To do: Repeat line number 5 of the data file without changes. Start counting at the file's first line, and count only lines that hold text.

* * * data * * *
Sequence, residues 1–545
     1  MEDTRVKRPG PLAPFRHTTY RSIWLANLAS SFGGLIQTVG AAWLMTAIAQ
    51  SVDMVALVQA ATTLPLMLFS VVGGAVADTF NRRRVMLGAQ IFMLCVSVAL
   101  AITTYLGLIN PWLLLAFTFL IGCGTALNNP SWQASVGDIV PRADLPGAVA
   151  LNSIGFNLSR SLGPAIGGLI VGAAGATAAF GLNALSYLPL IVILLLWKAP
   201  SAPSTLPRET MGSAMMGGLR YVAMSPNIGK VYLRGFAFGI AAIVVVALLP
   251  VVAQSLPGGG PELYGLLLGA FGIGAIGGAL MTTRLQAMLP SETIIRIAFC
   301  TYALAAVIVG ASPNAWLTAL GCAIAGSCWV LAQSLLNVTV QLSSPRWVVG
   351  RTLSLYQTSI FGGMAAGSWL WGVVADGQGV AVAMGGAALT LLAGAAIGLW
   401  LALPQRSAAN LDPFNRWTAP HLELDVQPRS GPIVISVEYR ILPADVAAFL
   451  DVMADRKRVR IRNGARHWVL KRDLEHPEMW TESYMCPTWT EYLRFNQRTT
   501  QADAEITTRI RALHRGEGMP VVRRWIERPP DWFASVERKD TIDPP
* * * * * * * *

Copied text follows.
   151  LNSIGFNLSR SLGPAIGGLI VGAAGATAAF GLNALSYLPL IVILLLWKAP